Saturday, September 15, 2007

The Lost Princess of Oz

My latest Oz adventure was The Lost Princess of Oz (1917). After books that hardly took place in Oz at all, and ones that recycled characters from other Baum books, The Lost Princess of Oz is a return to form for the Oz series, and ended up being one of my favorites.

In this book, Dorothy wakes up to discover that Ozma is missing. And not only Ozma, but also her magic picture that can show you what anyone in the world is doing at any time, the Wizard's magic equipment, and Glinda's potions as well as her magic record book that writes down anything important happening anywhere. Since one of these items is usually the deus ex machina that saves the day in the Oz books, I was immediately excited about an Oz story where these crutches were taken away.

The book reads like a mystery where groups of our favorite characters spread out to the four corners of Oz in search of their princess. We are latched onto the group containing Dorothy, Toto, the Wizard, the Patchwork Girl, the sawhorse, Betsy Bobbin, Trot, the Woozy, Hank the mule and the Cowardly Lion (whew). And to top it all off, this group is later joined by Button Bright, the little boy who is always getting lost and then found again.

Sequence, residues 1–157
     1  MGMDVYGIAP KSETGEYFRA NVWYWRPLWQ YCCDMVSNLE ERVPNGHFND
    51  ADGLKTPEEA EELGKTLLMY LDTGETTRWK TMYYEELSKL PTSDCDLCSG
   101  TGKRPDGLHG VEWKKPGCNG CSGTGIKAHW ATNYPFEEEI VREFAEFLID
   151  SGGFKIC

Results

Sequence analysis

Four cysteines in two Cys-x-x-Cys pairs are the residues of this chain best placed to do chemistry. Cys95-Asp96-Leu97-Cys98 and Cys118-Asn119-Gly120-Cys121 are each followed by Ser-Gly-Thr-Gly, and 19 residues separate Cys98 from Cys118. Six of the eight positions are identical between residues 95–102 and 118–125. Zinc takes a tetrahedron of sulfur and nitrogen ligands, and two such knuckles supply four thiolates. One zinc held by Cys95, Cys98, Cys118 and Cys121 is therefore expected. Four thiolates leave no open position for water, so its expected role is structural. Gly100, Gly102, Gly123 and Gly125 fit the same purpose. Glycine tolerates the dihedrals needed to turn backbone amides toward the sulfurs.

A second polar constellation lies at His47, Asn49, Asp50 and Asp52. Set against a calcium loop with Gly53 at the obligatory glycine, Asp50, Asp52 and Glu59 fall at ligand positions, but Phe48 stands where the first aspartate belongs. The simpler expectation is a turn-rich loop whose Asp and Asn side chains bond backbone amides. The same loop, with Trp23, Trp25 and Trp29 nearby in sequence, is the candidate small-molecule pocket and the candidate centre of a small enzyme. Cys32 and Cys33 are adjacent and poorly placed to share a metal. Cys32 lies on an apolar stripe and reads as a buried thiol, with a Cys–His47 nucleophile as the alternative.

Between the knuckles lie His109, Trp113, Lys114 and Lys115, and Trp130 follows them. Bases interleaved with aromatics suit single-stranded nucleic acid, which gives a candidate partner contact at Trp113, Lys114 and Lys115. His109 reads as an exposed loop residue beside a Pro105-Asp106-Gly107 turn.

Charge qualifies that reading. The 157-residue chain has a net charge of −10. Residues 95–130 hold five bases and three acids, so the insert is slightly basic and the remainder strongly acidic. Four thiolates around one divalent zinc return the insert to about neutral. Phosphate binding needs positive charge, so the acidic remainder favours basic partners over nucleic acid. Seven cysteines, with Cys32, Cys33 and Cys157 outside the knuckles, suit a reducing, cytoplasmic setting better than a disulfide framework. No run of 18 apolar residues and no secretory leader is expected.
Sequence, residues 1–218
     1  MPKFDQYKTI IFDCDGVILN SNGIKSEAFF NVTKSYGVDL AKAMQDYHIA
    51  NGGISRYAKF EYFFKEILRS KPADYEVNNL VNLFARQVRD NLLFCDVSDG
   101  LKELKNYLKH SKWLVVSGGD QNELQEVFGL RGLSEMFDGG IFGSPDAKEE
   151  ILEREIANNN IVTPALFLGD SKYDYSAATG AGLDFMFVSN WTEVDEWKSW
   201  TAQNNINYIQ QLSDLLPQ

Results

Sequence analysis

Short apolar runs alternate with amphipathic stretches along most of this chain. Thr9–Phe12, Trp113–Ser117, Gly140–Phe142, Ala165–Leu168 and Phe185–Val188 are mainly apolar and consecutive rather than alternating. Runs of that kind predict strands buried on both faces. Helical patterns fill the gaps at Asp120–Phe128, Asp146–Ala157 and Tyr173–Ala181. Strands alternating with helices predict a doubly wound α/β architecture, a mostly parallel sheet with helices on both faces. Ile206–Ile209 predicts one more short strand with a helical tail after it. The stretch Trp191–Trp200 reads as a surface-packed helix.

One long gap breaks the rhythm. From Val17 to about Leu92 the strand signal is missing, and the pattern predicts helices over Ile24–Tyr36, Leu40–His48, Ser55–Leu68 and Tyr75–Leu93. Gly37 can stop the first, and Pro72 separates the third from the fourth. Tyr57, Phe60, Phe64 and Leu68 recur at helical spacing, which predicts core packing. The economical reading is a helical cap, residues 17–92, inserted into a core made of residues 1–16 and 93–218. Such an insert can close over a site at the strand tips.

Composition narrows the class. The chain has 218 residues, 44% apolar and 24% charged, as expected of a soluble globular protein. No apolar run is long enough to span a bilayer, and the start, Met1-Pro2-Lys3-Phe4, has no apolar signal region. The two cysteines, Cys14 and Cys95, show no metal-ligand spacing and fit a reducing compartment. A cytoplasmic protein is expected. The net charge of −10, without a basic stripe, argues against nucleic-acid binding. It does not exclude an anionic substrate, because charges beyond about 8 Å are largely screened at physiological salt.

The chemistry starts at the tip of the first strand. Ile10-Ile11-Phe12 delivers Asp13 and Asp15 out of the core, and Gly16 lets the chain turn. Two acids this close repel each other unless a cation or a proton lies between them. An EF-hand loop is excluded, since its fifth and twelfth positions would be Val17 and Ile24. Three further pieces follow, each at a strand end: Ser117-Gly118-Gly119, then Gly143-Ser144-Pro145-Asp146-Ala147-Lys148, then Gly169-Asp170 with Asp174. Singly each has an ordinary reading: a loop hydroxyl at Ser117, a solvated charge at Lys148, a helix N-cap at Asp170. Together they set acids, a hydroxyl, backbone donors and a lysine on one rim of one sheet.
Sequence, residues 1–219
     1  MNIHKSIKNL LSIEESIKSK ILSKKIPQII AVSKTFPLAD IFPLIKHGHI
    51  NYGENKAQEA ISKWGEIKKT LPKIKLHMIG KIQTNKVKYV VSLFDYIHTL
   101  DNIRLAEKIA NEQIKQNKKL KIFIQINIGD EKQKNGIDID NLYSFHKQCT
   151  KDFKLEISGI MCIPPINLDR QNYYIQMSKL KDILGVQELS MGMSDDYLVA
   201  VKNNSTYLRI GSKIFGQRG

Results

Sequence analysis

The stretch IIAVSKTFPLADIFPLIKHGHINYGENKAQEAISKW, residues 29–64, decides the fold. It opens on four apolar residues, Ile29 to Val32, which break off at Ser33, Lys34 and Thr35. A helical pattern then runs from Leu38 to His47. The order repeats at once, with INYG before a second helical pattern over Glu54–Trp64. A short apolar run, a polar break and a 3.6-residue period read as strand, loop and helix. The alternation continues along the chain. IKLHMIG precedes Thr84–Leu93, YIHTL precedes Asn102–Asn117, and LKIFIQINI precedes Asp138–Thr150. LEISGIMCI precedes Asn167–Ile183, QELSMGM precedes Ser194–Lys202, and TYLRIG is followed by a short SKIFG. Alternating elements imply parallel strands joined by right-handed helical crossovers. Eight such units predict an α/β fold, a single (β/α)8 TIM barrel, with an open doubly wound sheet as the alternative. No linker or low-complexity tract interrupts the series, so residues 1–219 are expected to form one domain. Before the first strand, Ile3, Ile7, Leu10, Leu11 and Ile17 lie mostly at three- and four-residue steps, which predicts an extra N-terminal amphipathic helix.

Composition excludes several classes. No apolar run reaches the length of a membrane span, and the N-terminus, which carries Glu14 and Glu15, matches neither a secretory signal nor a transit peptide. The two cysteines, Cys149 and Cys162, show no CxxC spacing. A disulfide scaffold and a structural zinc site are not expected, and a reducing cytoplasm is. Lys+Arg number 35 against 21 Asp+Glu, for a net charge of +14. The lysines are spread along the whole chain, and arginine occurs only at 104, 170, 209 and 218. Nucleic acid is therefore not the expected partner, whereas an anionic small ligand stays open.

Various adventures ensue as the group makes its way into the unexplored regions of the Winkie country (including an awesome spinning mountain range). At the same time that the group is heading out in search of Ozma, a woman from the isolated land of the Yips named Cayke the Cookie Cook realizes that her magic jewel-encrusted dishpan has been stolen! She needs it to make her awesome cookies so she and a giant frogman (who used to be a regular frog but grew to a large size in a magic pond and now wears fancy clothes and acts very wise) leave their sheltered country in search of it. The parties naturally join, after also picking up a Lavender Bear (the king of the teddy bear country) and his tiny wind up pink bear that can answer any question. This is a lot to keep track of.

Rest assured that mysteries are solved and things are returned to normal. It all boils down to an overly ambitious shoemaker (and really, doesn't everything?). This reads as a very nice adventure story, and even though a few too many characters are crammed in there, the book makes an excellent addition to the Oz universe.

[And, as always, you can read the whole thing here. Don't you love the public domain?]

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